Is South Africa going the way of Zimbabwe?

It’s a very obvious overstatement to say that South Africa is becoming more like its delinquent neighbor, Zimbabwe. Nonetheless, an incident reported in South Africa’s Business Today gave reason for the comparison: Last weekend, a mob overran a fruit and sugar cane farm, allegedly in frustration for the slow pace of long-promised land reform. It ...

By , International Crisis Group’s senior analyst for Colombia.
586676_090416_safrica2.jpg
586676_090416_safrica2.jpg
TO GO WITH AFP STORY BY FRAN BLANDY A Zimbabwean farm worker harvests pumpkins on March 17, 2008 on a South African farm in Waterpoort. Desperate to escape the poverty and hunger in Zimbabwe, whose economy is collapsing under sky-high inflation, the flood of illegal immigrants often find exploitation where they sought greener pastures. AFP PHOTO/GIANLUIGI GUERCIA (Photo credit should read GIANLUIGI GUERCIA/AFP/Getty Images)

It's a very obvious overstatement to say that South Africa is becoming more like its delinquent neighbor, Zimbabwe. Nonetheless, an incident reported in South Africa's Business Today gave reason for the comparison: Last weekend, a mob overran a fruit and sugar cane farm, allegedly in frustration for the slow pace of long-promised land reform. It sparked memories of the public outcry in Zimbabwe that spawned a policy of "fast track" reallocation of land from white to black hands.

As South Africa approaches its fourth elections since the end of apartheid this weekend, this is a dismaying analogy. Both countries began independence with striking imbalances -- with some 80 to 90 percent of land in white hands. In South Africa, that persists today, and calls for a more rapid solution to reallocation are growing. Elections are likely to be won by the African National Congress Party's Jacob Zuma, known for a more populist stance on precisely these types of issues. The pressure on Zuma to move forward quickly could be quite intense.

It’s a very obvious overstatement to say that South Africa is becoming more like its delinquent neighbor, Zimbabwe. Nonetheless, an incident reported in South Africa’s Business Today gave reason for the comparison: Last weekend, a mob overran a fruit and sugar cane farm, allegedly in frustration for the slow pace of long-promised land reform. It sparked memories of the public outcry in Zimbabwe that spawned a policy of “fast track” reallocation of land from white to black hands.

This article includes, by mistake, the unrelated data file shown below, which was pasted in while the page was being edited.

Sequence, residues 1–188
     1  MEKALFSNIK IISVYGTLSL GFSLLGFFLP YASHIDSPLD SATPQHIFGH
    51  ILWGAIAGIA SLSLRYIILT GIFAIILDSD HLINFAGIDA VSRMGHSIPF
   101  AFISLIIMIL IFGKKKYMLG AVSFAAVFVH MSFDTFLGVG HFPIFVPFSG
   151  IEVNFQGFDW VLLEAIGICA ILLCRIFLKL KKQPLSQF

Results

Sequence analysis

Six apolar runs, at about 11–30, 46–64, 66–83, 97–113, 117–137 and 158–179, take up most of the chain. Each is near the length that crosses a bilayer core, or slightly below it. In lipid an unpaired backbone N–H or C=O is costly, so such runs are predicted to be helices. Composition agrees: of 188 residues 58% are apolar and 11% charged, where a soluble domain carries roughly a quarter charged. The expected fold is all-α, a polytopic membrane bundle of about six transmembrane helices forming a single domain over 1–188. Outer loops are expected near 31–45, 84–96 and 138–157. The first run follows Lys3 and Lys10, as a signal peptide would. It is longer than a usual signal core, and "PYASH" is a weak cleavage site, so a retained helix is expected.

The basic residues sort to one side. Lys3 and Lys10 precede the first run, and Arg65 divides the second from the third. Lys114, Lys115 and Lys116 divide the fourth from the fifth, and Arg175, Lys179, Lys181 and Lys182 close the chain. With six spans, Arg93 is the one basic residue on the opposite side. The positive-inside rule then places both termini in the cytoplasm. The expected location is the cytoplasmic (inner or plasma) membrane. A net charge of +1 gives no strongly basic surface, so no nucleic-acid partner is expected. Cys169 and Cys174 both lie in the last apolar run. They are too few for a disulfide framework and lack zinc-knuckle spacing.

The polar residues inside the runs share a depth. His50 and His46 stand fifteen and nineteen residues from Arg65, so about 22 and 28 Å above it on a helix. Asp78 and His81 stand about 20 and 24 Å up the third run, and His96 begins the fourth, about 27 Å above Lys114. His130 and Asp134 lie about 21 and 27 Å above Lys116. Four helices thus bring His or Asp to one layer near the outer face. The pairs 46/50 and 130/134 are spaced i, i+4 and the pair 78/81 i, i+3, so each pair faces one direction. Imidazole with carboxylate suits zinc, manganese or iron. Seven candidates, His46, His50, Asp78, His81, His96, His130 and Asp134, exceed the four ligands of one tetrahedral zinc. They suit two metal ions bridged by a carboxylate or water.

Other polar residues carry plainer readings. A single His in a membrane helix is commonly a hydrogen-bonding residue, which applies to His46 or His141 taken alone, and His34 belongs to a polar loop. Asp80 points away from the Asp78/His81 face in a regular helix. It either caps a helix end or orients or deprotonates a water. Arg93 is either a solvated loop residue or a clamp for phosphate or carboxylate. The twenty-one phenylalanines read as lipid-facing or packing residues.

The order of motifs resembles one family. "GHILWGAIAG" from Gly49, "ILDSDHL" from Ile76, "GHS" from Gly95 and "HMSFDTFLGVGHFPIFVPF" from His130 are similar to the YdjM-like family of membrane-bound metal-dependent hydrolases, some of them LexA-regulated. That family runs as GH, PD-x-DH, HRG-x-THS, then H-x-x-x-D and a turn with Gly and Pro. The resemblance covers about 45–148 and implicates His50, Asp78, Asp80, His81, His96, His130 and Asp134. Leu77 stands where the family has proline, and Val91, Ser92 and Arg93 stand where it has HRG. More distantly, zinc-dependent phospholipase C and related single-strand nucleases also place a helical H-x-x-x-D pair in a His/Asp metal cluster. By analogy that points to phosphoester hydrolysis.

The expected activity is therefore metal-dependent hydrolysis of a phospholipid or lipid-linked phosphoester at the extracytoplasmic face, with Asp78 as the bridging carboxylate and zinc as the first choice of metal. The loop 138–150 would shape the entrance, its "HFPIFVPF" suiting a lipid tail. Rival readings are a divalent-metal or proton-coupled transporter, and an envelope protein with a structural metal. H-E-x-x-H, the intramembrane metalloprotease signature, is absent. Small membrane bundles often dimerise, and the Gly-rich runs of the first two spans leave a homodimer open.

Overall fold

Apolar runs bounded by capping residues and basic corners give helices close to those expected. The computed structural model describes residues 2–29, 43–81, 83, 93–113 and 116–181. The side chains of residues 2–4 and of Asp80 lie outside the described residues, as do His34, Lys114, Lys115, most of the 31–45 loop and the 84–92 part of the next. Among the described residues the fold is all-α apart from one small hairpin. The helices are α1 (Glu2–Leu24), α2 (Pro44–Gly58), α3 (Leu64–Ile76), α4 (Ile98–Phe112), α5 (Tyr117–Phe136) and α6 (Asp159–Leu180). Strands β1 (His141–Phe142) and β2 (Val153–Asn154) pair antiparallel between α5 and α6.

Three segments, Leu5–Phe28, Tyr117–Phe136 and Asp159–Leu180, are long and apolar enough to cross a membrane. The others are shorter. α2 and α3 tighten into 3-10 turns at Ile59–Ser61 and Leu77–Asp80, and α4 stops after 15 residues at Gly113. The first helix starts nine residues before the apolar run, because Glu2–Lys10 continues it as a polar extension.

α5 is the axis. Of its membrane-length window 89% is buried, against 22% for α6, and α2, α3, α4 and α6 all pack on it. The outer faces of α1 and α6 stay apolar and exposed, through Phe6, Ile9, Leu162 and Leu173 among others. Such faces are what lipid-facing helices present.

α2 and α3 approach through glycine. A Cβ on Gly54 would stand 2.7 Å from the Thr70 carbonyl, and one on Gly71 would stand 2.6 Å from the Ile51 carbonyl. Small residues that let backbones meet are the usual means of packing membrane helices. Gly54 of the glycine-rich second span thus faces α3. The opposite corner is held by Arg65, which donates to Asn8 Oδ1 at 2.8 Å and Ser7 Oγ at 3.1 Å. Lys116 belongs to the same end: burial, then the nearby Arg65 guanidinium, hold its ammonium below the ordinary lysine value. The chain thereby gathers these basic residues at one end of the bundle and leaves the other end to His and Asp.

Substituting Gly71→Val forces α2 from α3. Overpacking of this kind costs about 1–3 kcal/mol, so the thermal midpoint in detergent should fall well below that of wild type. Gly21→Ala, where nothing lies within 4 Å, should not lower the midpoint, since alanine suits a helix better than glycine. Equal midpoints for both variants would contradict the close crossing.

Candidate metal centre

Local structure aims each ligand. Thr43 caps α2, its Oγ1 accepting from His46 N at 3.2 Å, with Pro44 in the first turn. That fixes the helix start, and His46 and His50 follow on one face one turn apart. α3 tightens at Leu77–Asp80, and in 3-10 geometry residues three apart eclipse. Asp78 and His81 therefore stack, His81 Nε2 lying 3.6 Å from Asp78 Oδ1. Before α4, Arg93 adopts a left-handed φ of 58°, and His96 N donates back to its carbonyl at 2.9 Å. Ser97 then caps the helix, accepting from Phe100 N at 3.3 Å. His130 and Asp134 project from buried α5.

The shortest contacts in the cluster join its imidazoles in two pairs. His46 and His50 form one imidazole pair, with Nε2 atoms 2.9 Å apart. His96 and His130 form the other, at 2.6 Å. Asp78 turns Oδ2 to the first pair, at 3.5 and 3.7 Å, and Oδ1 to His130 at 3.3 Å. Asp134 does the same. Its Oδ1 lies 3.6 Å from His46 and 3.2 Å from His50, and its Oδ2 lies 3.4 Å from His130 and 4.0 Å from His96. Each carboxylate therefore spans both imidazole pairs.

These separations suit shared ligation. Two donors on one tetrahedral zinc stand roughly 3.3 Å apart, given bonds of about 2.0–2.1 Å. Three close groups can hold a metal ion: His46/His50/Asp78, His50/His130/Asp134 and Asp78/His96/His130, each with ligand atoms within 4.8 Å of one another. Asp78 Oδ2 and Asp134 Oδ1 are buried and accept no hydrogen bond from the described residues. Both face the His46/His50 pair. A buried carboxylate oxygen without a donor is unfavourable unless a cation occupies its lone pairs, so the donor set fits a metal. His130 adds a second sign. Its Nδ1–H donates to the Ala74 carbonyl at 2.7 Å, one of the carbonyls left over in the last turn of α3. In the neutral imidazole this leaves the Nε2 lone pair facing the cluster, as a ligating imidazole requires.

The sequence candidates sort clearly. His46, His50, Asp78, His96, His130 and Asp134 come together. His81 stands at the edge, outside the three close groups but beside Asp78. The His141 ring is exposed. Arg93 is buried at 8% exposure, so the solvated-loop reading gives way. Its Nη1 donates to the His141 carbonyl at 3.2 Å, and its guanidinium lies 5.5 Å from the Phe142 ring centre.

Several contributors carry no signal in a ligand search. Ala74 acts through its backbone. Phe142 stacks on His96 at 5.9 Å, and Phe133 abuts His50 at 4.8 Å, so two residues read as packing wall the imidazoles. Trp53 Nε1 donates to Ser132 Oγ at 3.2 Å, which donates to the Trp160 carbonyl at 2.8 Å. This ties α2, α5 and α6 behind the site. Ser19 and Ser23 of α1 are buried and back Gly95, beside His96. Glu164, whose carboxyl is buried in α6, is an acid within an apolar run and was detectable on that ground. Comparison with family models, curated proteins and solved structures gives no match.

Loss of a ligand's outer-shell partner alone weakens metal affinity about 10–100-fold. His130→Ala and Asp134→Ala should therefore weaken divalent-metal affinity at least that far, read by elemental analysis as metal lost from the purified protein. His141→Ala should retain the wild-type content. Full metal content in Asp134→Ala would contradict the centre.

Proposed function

As South Africa approaches its fourth elections since the end of apartheid this weekend, this is a dismaying analogy. Both countries began independence with striking imbalances — with some 80 to 90 percent of land in white hands. In South Africa, that persists today, and calls for a more rapid solution to reallocation are growing. Elections are likely to be won by the African National Congress Party’s Jacob Zuma, known for a more populist stance on precisely these types of issues. The pressure on Zuma to move forward quickly could be quite intense.

So far, South Africa’s approach has been more moderate than Zimbabwe’s raid-and-reallocate approach: Pretoria has tried to encourage land owners to sell and private investment to revamp the productivity of failed plots. The government assures that Zimbabwe will not be the model to follow. But success is percieved to be mixed at best, and there is much transferring to be done before the promised 30 percent of land returns to majority black hands by 2014. And land is just one of the manifestations of the inequality that continues to plague South Africa. Patience is wearing thin. 

Where South Africa goes after its Sunday vote is yet unclear. Former parliamentarian Raenette Taljaard has a few predictions in FP‘s Think Again: South Africa. But one can only hope that the answer to the title of this post is, “no.”

AFP PHOTO/GIANLUIGI GUERCIA

Elizabeth Dickinson is International Crisis Group’s senior analyst for Colombia.

More from Foreign Policy

An illustration shows George Kennan, the father of Cold War containment strategy.
An illustration shows George Kennan, the father of Cold War containment strategy.

Is Cold War Inevitable?

A new biography of George Kennan, the father of containment, raises questions about whether the old Cold War—and the emerging one with China—could have been avoided.

U.S. President Joe Biden speaks on the DISCLOSE Act.
U.S. President Joe Biden speaks on the DISCLOSE Act.

So You Want to Buy an Ambassadorship

The United States is the only Western government that routinely rewards mega-donors with top diplomatic posts.

Chinese President Xi jinping  toasts the guests during a banquet marking the 70th anniversary of the founding of the People's Republic of China on September 30, 2019 in Beijing, China.
Chinese President Xi jinping toasts the guests during a banquet marking the 70th anniversary of the founding of the People's Republic of China on September 30, 2019 in Beijing, China.

Can China Pull Off Its Charm Offensive?

Why Beijing’s foreign-policy reset will—or won’t—work out.

Turkish Defense Minister Hulusi Akar chairs a meeting in Ankara, Turkey on Nov. 21, 2022.
Turkish Defense Minister Hulusi Akar chairs a meeting in Ankara, Turkey on Nov. 21, 2022.

Turkey’s Problem Isn’t Sweden. It’s the United States.

Erdogan has focused on Stockholm’s stance toward Kurdish exile groups, but Ankara’s real demand is the end of U.S. support for Kurds in Syria.